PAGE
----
Jacob George, a 3-tour Afghan vet, has just released Soldier's Heart, part of his recovery from the Moral Injury of war. Self-described as "a peace seekin, bicyclin, ramblin hobo from the hills of Arkansas", Jacob has biked across much of the South in the past 3 years, spreading peace and healing.
*** Radio Interview ***
|Posted by Jacob George on April 27, 2013 at 8:25 AM||comments (0)|
Jacob George of A Ride Till the End (ARTTE) is the Afghanistan war veteran and Arkansas native who burst onto the scene when he and his supporters rode out of Fayetteville on May 1, 2010, vowing to ride bicycles across the byways of America until the Afghan War ended. So far, the ride has encompassed more than 8,000 miles in the United States, as well as a journey to Afghanistan with the anti-war group, Voices For Creative Nonviolence.
|Posted by Jacob George on May 18, 2012 at 12:25 AM||comments (0)|
Afghan war veteran Jacob George is a self-proclaimed hillbilly farmer from the Ouachita Mountains in Arkansas. After three tours as a combat engineer, he now spends his days bicycling around the country protesting U.S. military involvement in Afghanistan. He recently passed through Missouri on his way to protest the NATO summit taking place in Chicago next week.
George served three tours in Afghanistan between 2000 and 2004. But it was years later that he started speaking out (and bicycling) against the war.
|Posted by Jacob George on September 23, 2011 at 9:55 AM||comments (0)|
Philly has been a whirlwind of presentations and meeting up with folks. We have playing songs in churches, in bookstores, community spaces, etc, having great discussions, and raising bicycles! We met up with Emma who is the lead organizer for the Bradley Manning Solidarity Network and she came to speak at one of our presentations yesterday. Our event last night at Lava went well and was a lot of fun. In attendance were some Civsol and IVAW friends who came out to support our ride. Lots of love coming around from every place. Thanks to all who have had us; UFPJ, Jane Dugdale and friends, Brandywine, the town of Radnor, Lava, Quakers and friends!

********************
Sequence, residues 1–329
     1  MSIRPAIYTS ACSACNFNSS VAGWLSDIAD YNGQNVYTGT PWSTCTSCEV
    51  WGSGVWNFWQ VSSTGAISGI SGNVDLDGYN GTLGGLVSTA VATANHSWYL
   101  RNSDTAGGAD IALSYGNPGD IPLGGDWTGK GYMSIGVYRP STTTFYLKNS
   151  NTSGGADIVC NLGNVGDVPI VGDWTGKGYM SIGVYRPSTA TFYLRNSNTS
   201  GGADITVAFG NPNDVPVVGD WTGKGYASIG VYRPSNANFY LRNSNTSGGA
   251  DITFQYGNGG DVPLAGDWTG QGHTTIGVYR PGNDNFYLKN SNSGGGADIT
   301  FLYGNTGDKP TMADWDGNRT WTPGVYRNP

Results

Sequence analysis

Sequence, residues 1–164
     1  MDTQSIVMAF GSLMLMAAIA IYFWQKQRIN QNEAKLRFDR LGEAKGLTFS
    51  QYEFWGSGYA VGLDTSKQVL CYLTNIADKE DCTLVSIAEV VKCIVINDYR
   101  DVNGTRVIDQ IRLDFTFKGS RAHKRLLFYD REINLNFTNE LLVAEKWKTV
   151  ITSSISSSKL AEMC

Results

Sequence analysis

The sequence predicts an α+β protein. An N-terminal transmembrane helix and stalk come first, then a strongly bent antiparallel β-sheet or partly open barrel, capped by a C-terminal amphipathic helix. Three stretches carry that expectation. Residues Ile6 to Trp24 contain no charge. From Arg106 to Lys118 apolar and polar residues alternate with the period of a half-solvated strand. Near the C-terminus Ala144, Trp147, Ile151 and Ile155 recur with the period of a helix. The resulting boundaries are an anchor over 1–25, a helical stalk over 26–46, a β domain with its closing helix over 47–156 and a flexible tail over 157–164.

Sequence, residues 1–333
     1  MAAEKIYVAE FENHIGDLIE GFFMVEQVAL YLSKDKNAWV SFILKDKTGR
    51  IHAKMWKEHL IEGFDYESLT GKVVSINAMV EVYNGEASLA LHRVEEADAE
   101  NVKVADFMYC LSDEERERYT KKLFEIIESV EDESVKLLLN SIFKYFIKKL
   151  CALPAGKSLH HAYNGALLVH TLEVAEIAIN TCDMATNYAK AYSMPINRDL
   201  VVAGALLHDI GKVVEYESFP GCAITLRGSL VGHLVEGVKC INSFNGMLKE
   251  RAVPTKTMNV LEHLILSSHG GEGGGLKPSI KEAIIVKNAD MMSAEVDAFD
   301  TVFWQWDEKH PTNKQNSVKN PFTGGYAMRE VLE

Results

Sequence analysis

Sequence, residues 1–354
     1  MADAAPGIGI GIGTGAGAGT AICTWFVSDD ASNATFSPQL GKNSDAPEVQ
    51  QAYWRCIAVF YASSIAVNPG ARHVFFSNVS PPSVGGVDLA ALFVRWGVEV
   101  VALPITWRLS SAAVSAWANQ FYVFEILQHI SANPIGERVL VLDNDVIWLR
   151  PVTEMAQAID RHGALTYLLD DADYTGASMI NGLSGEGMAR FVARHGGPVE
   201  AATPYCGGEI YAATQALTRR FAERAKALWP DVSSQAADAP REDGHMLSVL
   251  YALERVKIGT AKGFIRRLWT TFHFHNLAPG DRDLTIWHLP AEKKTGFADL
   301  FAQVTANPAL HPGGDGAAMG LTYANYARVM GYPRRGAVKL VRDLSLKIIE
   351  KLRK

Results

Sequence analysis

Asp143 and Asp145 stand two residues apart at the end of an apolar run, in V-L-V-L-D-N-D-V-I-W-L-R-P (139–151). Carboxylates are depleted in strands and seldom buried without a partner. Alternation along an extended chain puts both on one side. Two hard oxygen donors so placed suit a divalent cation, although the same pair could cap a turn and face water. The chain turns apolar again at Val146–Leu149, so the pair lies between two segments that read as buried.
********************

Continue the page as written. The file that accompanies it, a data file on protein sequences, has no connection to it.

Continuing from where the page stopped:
|Posted by Jacob George on September 15, 2011 at 4:20 PM||comments (0)|
The end has to start somewhere. That’s what brought A Ride Till the End’s Jacob George, Jerrad Hardin, and Russ Ritter to Bluestockings bookstore on New York’s Lower East Side yesterday, with their luggage-laden bikes in the back. For the next few weeks, they’ll be making their way down to Washington, D.C. on a Bikes Not Bombs Bicycle Tour, arriving in time for the planned occupation of Freedom Plaza that will mark the 10th anniversary of the war in Afghanistan. Meanwhile, they’ll be a mobile speakers bureau and art collective, telling their stories in public and playing music, and raising money (in conjunction with Bikes Not Bombs up in Boston) to provide bikes for returning war vets who want to ride. At the heart of what they’re doing is a call for peace and, through it, a means of healing.
|Posted by Jacob George on September 15, 2011 at 12:45 AM||comments (0)|
Our event last night was great space to say goodbye to New York City. We shared some music and Jacob gave his presentation in an intimate setting with some really great folks at a radical feminist bookstore in the lower east side called Blue Stockings. We are very thankful to have been there.
|Posted by Jacob George on September 13, 2011 at 12:55 AM||comments (0)|
9/11 in Manhattan was a spectacle. We spent the day with some good folks who put together a great demonstration to tell the truth about the wars after September 11th. There was much to discuss, to take in, and we were able to meet many people and interact with them.